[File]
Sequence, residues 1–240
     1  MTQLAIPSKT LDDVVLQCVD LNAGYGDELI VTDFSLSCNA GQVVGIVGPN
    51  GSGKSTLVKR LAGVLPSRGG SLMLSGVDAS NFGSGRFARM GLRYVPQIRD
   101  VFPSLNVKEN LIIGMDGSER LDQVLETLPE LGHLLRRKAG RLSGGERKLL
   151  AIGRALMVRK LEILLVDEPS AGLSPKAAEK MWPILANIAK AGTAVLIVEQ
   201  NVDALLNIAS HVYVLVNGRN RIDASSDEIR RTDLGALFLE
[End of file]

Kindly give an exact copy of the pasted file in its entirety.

Sequence, residues 1–240
     1  MTQLAIPSKT LDDVVLQCVD LNAGYGDELI VTDFSLSCNA GQVVGIVGPN
    51  GSGKSTLVKR LAGVLPSRGG SLMLSGVDAS NFGSGRFARM GLRYVPQIRD
   101  VFPSLNVKEN LIIGMDGSER LDQVLETLPE LGHLLRRKAG RLSGGERKLL
   151  AIGRALMVRK LEILLVDEPS AGLSPKAAEK MWPILANIAK AGTAVLIVEQ
   201  NVDALLNIAS HVYVLVNGRN RIDASSDEIR RTDLGALFLE